Viewing Both Sides: Tribal Relations and Pipeline Companies

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Working as a tribal relations program manager for an energy pipeline company provided me a unique insight into the inner workings of large corporations while also providing me an extraordinary opportunity to work directly with tribal governments and communities. I began working with tribes on pipeline projects in early 2009, and by 2010, I had successfully developed relationships with many tribes on several projects. Then, on April 20, 2010, the Deepwater Horizon oil spill occurred. The well was declared sealed on September 19, 2010. During those five months, there was 24-hour media coverage of the spill.

At that point some of the tribes stopped working with me as the movement against oil extraction took hold. Many of the tribes publicly opposed the projects we were developing, but privately the tribes were very interested in keeping the relationship alive. In some cases, it would have been political suicide if a tribal official came out publicly in favor of a pipeline project. By 2015, the situation with tribal opposition on pipeline projects had ratcheted up and outside interest groups began using these events to their advantage. By 2015, pipeline projects had experienced a significant increase in the permitting time table. A process that once took 18 months to permit would now take up to four years or more.

How can energy companies and the energy industry as a whole shorten these cumbersome and outdated processes in the United States? If energy companies sincerely want to shorten the permitting time frame and avoid tribal opposition, then a solution that seems obvious to me is that energy companies should voluntarily make a concerted effort to work directly with tribes on pipeline projects. Pipeline companies would be very surprised of the positive benefits those relationships could bring. Unlike Canada, there are no serious requirements for pipeline companies in the United States to work with tribes as impacted communities on pipeline projects. From a business standpoint, energy companies reason that they don’t need to invest the time or resources required to effectively engage with the tribal communities. The biggest reasons why the pipeline industry does not actively engage with tribes on their projects can best be illustrated by comparing current policies within the United States and Canada.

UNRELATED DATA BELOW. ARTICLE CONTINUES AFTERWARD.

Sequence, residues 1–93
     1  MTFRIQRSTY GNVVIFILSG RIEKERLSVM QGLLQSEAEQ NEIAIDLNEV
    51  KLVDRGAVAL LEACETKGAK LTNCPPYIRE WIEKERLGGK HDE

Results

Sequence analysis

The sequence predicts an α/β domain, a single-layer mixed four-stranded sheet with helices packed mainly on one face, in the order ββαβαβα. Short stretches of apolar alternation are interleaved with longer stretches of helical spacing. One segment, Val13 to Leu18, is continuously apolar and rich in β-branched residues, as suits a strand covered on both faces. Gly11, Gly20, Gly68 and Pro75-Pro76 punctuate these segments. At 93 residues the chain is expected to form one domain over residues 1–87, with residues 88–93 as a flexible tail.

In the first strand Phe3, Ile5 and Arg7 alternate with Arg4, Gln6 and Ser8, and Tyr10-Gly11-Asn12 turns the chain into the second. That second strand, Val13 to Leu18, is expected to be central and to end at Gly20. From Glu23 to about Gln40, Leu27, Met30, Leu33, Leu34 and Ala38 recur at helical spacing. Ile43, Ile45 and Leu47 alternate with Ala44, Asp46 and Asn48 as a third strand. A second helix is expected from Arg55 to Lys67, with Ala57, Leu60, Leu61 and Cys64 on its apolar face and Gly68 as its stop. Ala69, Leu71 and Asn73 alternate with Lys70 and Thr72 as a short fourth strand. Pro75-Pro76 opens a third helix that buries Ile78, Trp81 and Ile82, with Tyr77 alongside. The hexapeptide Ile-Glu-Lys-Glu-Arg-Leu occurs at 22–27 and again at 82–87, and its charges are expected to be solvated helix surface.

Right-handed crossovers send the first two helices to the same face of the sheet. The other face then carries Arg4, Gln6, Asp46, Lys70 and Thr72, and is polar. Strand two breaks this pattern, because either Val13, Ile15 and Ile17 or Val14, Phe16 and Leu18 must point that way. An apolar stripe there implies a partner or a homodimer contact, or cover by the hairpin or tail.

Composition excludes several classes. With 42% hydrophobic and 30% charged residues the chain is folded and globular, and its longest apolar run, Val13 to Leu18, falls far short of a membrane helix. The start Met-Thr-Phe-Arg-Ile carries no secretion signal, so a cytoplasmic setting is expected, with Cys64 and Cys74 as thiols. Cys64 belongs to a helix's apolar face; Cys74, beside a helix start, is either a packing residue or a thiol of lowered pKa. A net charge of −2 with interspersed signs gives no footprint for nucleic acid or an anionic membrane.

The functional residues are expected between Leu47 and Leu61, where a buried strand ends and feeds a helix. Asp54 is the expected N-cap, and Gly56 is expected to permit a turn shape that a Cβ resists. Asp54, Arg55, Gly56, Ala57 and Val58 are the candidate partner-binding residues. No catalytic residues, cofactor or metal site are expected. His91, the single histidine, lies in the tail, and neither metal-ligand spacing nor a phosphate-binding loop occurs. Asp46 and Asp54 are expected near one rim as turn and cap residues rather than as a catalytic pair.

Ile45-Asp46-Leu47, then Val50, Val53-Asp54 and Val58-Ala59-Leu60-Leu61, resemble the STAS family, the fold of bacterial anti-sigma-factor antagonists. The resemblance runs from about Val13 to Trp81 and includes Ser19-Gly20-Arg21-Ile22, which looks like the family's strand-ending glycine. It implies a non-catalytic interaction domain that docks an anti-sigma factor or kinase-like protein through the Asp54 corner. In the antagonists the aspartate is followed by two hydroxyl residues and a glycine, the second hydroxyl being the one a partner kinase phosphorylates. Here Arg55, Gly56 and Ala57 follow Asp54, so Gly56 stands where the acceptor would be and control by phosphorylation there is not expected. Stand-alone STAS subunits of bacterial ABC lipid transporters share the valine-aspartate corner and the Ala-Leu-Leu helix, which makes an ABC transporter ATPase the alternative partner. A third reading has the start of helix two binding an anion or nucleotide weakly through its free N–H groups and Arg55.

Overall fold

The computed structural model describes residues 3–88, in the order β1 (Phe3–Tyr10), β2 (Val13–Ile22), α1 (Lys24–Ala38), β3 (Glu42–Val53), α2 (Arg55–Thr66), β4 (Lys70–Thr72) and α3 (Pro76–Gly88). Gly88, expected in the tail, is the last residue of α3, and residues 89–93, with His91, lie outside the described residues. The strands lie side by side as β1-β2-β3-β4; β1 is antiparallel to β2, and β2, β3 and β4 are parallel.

Aboriginal/Native American Rights

In Canada, Aboriginal people have constitutionally protected aboriginal and treaty rights under section 35 of the Canadian Constitution. These rights are collective individual rights on and off Reserve. The Supreme Court of Canada has described the relationship between Aboriginal people and the federal government as a fiduciary or trust-like relationship. In the United States, the federal government recognizes the tribes as sovereign nations with a “government-to-government” relationship. This is acknowledged through treaties, congressional acts, executive orders, Supreme Court decisions, laws and everyday transactions. Native American rights are more focused on the tribal governments themselves and the reservations in which they live.